The New Zealand men's four are now reliant on a last-ditch winning sequence and other results to fall their way if they are to stay alive at the World Bowls championships in Adelaide.
Needing to win their last four pool games to have a chance to finish in the top three and advance to post-section play, the Kiwi quartet faltered at the first hurdle yesterday when they could only salvage a draw with Zimbabwe.
Skip Richard Girvan levelled the scores at 15-15 at the Lockley's club, but his final bowl drifted too wide to secure a deadlock-breaking second shot.
"We probably outplayed them but they drove us off the park really. On one end he [Zimbabwean skip Roy Garden] had the lead driving with his second bowl," exasperated Bowls NZ head coach Dave Edwards said.
"We played it strategically pretty well and hung in there. We outplayed them on the draw but he [Garden] resorted to the drive a lot and had a lot of success."
The lead changed eight times throughout a tense 18-end contest which left Girvan, Tony Grantham, Matt Gallop and Ali Forsyth subdued when Girvan's final roll of the dice didn't quite come off.
"They're not dead in the water yet; there's still a chance but it's getting pretty difficult now," Edwards said as New Zealand languished in sixth place in their pool, three points adrift of third-placed England.
Malaysia and Namibia are also in touch with the English and a win clear of the Kiwis. Former Marlborough representative and Blenheim Bowling Club member Gallop said playing in his first World Championships, the pressure was obviously more intense than anything else he's played. "Day one and it was a bit like that. Bit of nerves. I'm a bit more relaxed now and trying to enjoy it as much as I can. Relish the occasion."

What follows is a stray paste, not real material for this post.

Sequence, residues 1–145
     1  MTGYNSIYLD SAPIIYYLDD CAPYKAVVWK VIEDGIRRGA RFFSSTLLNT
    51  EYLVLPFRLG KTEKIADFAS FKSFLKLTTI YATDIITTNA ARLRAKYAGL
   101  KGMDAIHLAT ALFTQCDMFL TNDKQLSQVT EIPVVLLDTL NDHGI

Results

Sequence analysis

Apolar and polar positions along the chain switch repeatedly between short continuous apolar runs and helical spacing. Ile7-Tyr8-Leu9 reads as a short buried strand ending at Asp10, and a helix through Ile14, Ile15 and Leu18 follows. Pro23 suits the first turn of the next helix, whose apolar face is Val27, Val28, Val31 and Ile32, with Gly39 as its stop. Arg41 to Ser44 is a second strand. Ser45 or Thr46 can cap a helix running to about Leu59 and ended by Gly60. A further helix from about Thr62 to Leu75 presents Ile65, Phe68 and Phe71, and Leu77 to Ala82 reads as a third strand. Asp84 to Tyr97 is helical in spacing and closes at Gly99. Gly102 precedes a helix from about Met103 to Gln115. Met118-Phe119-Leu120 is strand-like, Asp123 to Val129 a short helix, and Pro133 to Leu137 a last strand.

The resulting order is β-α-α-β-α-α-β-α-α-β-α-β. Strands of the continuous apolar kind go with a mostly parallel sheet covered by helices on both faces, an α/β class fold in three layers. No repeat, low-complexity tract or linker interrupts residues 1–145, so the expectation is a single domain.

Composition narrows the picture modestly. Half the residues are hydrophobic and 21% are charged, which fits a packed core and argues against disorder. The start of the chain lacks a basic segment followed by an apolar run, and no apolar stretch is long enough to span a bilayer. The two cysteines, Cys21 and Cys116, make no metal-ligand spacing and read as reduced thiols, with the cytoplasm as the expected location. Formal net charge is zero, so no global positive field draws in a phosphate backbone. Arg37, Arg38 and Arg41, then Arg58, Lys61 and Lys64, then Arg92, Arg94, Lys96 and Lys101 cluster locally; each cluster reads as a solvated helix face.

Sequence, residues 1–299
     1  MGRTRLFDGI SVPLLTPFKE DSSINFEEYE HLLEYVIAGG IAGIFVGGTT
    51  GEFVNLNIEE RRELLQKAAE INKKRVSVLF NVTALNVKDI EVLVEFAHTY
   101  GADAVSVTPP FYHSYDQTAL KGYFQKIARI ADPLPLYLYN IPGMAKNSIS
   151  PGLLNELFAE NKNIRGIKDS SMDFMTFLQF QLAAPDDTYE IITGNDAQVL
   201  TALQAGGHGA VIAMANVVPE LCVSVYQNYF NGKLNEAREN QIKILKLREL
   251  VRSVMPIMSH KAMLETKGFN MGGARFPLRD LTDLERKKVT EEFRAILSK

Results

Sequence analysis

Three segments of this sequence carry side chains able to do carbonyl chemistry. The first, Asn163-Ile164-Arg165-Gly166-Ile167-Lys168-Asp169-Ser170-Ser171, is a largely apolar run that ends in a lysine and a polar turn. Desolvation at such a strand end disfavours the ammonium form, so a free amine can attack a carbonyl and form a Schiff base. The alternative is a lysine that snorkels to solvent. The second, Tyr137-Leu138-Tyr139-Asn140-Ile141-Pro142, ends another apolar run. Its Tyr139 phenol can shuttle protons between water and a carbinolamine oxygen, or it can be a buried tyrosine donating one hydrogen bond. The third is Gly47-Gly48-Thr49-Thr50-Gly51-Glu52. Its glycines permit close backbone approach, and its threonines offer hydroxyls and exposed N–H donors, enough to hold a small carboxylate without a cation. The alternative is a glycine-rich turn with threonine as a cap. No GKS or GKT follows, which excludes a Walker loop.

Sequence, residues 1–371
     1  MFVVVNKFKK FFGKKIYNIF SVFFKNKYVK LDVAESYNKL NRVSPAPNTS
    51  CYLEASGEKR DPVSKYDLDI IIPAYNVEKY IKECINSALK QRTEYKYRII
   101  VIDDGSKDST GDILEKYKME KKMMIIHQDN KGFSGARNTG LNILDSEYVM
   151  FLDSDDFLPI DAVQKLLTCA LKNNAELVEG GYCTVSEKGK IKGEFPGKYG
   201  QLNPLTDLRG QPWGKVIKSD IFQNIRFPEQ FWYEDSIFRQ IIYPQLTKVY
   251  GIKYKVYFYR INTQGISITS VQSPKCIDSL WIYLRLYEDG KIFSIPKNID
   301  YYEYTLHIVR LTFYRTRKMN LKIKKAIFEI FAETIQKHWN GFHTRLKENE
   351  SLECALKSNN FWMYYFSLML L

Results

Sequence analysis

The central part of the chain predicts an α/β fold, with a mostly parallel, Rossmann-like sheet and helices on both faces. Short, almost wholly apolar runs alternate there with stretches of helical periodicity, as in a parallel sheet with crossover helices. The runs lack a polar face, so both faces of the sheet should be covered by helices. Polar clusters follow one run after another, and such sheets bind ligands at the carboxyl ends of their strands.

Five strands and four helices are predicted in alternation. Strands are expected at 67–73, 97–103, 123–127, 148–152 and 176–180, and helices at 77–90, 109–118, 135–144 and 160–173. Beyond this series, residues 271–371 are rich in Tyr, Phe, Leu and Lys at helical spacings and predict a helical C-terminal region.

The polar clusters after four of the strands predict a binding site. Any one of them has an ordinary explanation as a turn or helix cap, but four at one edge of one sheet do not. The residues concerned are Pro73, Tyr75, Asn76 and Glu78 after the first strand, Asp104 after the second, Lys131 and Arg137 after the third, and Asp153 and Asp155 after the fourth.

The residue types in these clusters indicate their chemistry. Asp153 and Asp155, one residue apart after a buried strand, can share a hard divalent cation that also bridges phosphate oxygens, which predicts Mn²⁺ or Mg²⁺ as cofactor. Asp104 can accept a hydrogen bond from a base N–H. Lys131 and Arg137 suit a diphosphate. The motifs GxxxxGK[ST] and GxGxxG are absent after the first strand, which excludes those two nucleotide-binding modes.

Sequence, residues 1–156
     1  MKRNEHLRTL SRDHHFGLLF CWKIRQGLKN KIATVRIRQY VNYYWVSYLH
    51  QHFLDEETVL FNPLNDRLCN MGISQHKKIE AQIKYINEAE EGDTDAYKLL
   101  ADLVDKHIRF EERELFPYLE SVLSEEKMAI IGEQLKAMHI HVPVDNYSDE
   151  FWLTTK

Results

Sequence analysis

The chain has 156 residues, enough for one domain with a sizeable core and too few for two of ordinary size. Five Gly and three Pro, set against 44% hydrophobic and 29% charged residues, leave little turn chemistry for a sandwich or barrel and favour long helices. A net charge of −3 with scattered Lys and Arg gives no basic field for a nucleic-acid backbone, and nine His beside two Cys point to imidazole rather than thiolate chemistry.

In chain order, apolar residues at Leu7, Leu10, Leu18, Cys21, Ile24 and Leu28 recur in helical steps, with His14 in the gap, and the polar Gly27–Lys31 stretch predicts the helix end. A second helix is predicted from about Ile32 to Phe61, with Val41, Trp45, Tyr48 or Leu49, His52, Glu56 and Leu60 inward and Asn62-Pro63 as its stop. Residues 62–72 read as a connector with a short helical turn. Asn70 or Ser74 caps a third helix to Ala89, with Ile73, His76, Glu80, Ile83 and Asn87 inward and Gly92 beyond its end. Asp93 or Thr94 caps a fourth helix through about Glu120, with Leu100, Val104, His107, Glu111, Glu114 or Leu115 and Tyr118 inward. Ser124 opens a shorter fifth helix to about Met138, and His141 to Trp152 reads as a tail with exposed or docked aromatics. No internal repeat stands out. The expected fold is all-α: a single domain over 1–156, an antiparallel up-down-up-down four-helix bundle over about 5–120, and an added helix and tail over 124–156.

Despite their precarious position, he remains positive they can pull something out of the hat.
"We came within a whisker of being in a much better position. We were all square with Wales on the opening day but a couple of big bowls at the end and they won by four. Ireland beat us on the last end and yesterday we held the game but they won it with the last bowl.
"There are a lot of good sides here. Even the smaller countries like Zimbabwe and Namibia are playing well. Just a matter of chipping away and we are improving all the time."
Conditions were trying he said. "Very hot and very breezy. The greens are not too bad, running at around 16-17sec. That's quick enough."
Gallop will have some close support from Friday when his parents Jan and Lloyd Gallop, from Blenheim, arrive in Adelaide to watch the event.
He is also in the New Zealand triple, playing two with Grantham lead and Forsyth, from the Havelock Bowling Club, skip and that competition begins tomorrow.
The women's triple of Lisa White, Jan Khan and Meg Ryan also had to settle for a 14-14 draw with the highly rated Malaysians, although the end of their five-match winning streak should not hamper their chances.
They were fourth, just a point behind England, whom they beat 22-5 on Monday, and have already played frontrunners Hong Kong and Australia so their schedule is relatively straightforward.
Shannon McIlroy remains in contention for a top-three placing in his singles pool, despite being unable to hold on to a 10-2 advantage against Scottish powerhouse Paul Foster at Holdfast Bay.
McIlroy made an excellent start to lead by eight after six ends, but the Scot gradually reeled him in and ultimately won comfortably, 21-16.
Unbeaten Australian Leif Selby is in pole position, Foster has only one loss after eight rounds while Japan's Kenta Hasabe leads McIlroy on points differential, so the New Zealander is still within striking distance.
Meanwhile, defending pairs champions Val Smith and Jo Edwards completed a disappointing early session for the Black Jacks when they were upset 22-11 by Hong Kong. Fairfax NZ
- The Marlborough Express